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Hockey

Little man living large

Colorado's Drury coming through in clutch

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Posted: Tuesday June 01, 1999 02:02 AM

  Stretching his talents: Chris Drury extends every bit of his 5-foot-10 frame to post huge plays for the Avalanche. Brian Bahr/Allsport

From Little League to NHL, Chris Drury just keeps on winning.

Ten years after he pitched Trumbull, Conn., to the Little League World Series title, Drury has helped put the Colorado Avalanche within one victory of the Stanley Cup finals.

With game-winning goals in Colorado's last two wins and four in the playoffs, Drury has tied a rookie record set by teammate Claude Lemieux.

"I haven't thought about it," he said after the Avalanche skated on Monday. "I don't look at it as a personal thing. We just won a couple of big games and now we have another big game coming up."

Drury scored the overtime goal against Dallas that tied this semifinal series at 2-2 and then connected twice, including another game-winner, as the Avalanche won Game 5. Now, Colorado can finish off the Stars on Tuesday night at home.

"We have to go for the next step," Drury said. "We're home and we don't want to go back there."

All of this hero stuff is nothing new to Drury. The spotlight hit him a decade ago in the 1989 Little League World Series.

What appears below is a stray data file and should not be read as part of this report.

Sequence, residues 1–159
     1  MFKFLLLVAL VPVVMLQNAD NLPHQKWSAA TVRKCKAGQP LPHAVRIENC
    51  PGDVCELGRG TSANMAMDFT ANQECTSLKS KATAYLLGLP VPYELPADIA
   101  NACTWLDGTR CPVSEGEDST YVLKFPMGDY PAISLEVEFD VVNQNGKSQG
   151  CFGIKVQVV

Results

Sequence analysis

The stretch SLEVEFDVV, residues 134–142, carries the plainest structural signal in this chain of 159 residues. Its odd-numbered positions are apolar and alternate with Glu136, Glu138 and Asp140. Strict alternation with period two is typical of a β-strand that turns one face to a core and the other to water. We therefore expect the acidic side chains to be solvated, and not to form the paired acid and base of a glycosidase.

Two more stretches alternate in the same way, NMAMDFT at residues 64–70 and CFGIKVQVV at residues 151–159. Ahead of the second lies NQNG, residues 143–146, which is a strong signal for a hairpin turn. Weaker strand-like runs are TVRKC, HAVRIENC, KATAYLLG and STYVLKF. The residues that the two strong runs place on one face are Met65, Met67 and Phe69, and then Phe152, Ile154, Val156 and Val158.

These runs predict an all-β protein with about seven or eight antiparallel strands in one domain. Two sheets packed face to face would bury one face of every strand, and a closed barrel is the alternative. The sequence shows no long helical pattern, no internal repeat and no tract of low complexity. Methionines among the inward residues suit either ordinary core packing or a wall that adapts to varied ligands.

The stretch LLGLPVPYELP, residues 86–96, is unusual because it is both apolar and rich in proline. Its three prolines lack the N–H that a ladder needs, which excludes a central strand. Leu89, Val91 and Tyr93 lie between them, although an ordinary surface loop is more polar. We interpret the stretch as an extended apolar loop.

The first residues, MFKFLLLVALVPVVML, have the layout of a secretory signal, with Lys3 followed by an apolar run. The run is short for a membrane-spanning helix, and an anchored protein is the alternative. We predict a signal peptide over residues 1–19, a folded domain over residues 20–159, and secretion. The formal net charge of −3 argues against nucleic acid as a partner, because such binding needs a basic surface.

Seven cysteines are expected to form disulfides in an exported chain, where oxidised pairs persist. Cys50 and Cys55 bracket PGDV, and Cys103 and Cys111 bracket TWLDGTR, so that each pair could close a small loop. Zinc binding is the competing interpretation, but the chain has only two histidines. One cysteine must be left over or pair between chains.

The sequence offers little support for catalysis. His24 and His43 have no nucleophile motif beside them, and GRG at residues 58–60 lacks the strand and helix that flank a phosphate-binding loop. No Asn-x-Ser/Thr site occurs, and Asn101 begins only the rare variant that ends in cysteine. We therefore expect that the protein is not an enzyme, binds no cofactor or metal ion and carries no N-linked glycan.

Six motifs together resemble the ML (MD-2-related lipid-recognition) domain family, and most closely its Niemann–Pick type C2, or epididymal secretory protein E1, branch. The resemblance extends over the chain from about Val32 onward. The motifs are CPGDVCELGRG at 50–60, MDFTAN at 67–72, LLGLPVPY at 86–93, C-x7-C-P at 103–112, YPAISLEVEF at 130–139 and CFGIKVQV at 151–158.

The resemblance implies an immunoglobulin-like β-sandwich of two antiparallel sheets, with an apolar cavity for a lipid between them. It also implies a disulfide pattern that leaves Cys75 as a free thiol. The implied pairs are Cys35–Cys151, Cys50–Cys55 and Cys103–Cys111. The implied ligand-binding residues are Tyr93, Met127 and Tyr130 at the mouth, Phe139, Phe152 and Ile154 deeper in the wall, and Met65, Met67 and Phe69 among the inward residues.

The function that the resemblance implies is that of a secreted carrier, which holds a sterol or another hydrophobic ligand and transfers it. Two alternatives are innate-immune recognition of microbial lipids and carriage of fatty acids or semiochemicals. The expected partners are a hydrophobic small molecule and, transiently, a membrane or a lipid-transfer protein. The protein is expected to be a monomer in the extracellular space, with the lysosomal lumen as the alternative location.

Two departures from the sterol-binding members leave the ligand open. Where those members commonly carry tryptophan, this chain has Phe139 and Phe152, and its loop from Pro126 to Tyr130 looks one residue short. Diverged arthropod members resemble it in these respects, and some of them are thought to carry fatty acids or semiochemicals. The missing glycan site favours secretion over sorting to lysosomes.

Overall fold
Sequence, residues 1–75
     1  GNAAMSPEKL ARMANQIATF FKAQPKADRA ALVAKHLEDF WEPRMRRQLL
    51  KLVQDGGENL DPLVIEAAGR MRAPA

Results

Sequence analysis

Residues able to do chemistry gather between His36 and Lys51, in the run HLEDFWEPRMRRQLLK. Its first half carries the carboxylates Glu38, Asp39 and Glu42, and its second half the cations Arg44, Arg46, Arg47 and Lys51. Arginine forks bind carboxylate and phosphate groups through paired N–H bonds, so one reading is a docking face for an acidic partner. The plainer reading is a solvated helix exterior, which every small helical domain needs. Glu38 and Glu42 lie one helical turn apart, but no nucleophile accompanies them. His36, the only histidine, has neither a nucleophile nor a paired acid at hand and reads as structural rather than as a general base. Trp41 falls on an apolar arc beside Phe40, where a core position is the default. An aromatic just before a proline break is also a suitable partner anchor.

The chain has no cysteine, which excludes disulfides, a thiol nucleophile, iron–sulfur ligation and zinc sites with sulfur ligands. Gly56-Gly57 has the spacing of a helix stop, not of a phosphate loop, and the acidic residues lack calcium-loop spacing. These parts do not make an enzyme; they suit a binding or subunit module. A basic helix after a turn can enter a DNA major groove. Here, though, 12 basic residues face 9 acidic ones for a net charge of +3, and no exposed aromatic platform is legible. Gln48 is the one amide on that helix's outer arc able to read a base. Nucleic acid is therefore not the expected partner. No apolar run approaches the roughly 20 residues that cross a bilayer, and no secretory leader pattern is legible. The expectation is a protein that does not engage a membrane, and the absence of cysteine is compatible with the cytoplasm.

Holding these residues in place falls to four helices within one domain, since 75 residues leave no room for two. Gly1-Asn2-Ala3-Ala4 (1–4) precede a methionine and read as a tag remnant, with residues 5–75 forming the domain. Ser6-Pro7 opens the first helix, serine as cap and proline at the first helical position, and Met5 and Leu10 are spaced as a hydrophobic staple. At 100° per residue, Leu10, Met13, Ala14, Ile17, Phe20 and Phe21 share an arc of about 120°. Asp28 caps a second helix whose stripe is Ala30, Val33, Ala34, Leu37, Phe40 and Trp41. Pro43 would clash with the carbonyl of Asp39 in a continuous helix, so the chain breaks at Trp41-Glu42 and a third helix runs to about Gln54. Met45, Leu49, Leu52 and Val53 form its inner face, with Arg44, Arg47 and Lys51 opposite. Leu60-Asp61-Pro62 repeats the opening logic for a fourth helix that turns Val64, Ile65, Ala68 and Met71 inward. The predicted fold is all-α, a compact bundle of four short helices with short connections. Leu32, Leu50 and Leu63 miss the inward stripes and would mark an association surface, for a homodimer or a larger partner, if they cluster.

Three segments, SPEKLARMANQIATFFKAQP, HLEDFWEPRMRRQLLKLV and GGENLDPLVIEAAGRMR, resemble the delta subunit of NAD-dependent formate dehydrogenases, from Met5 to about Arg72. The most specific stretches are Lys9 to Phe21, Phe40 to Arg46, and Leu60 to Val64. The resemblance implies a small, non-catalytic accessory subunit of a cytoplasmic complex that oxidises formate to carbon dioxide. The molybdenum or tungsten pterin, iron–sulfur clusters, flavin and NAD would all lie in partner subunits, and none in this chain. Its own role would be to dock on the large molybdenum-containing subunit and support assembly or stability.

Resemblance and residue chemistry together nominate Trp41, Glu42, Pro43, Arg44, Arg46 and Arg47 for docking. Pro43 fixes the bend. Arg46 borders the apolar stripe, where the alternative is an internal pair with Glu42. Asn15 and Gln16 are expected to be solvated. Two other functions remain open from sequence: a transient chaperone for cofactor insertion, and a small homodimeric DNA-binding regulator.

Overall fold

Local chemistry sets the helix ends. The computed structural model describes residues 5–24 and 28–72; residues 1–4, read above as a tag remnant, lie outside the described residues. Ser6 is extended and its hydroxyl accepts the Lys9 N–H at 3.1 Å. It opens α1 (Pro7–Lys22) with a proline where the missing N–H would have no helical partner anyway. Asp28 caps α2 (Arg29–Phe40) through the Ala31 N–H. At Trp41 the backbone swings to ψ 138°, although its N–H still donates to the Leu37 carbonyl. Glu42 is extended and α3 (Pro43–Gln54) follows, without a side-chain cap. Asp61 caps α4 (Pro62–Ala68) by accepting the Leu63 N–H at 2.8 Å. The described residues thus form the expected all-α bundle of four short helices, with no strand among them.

"I remember it like it was yesterday," Drury said. "It was a big thrill, a lot of fun."

Taiwan had won three straight Little League titles when the kids from Trumbull ended that run on a five-hitter by Drury, who also drove in two runs in the clinching victory.

"We were never nervous or scared," he said. "We got on a roll and the next thing we knew, we were on television, playing in front of a crowd of 40,000. I'm still in touch with two or three of those guys."

Drury played college hockey at Boston University, where he set the school scoring record. He led BU to an NCAA championship and won the Hobey Baker Aaward -- college hockey's Heisman Trophy.

He was drafted in the second round in 1994 and showed up in training camp last September as an undersized center who could play all three forward spots.

At 5-foot-10 and 180 pounds, he was viewed as small -- by everybody except himself.

"I am who I am," he said. "There are some big guys in this league and it's an adjustment, but I've managed."

He had 20 goals and 24 assists in his rookie season, with nine of his goals tying or winning games. He is a finalist for the Calder Trophy as Rookie of the Year.

And about that size thing. Well, when Drury pitched Trumbull past Taiwan, he was 5-foot-1 1/2 and 126 pounds. It didn't stop him then and it's not exactly stopping him now.

 
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Chris Drury is the big man for Colorado.
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